It is envisaged that eventually state pension data will also be available from the DWP via pension dashboards. In the interim, while this integration is being worked on, a link to the online Check your State Pension service may be available.

The dashboards infrastructure will be underpinned by a set of architectural principles surrounding GDPR and data protection obligations, and a governance framework (the correct operation of which will be ensured by a governance register) will make provision on the minimum standards that pensions dashboards must meet to be connected to the infrastructure. Standards are also being developed by the PDP, with input from dashboard users, government and various industry stakeholders.

Importantly for trustees to note, new regulations will impose obligations on them around provision of information duties for dashboards. There will be a legislative process allowing determinations to be made by the DWP, the MaPS or another prescribed person where trustees fail to comply with the requirements, and the Pensions Regulator will also be granted enforcement powers to secure compliance. This includes powers to issue compliance, third-party and penalty notices, with limits of £5,000 for penalties for individuals, and £50,000 in any other case.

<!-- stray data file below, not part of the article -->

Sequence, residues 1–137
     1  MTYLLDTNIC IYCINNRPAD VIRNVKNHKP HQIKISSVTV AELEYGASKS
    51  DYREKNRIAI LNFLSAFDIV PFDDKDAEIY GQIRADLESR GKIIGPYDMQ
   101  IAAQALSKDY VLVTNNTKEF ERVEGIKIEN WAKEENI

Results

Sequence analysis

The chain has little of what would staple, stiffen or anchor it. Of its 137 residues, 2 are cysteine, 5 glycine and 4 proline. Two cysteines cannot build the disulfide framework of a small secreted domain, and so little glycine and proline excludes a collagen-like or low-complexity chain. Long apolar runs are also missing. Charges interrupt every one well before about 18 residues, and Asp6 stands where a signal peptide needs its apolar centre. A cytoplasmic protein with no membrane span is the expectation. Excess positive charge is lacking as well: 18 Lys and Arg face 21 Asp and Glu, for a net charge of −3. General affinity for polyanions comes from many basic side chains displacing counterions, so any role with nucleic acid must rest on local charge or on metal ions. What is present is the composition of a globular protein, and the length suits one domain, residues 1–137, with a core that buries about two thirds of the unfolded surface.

What are the next steps?

On 31 January 2022, the DWP launched a consultation on the draft Pensions Dashboards Regulations 2022, which are to be made under the enabling powers in the PSA 2021. The Regulations provide for a mandatory staging timetable, according to which pension providers and schemes will be required to connect to the dashboards 'ecosystem' from mid-2023 onwards. In its recently launched consultation on proposed amendments to its Handbook, the FCA suggested a date of 30 June 2023. In the interim, the infrastructure for the project continues to be designed and developed by the PDP, which has also set out an 'indicative phase plan', most recently updated in its October 2021 progress report.

In summary, pensions dashboards are undoubtedly set to be a major change for all those involved in the pensions industry – users, schemes and stakeholders alike. Much preparation is already underway to support the introduction of the new infrastructure, and we will watch with interest as the industry continues to prepare for the full roll out next year. This mammoth process to bring peoples' pensions arrangements online in one place is analogous to the work being undertaken by employers at all levels across the UK to implement hybrid working and ensuring that the tools and processes are in place to facilitate that.

If you have any questions about anything raised in this blog, please get in touch with a member of the pensions team.


Emily Tarbet

Trainee Solicitor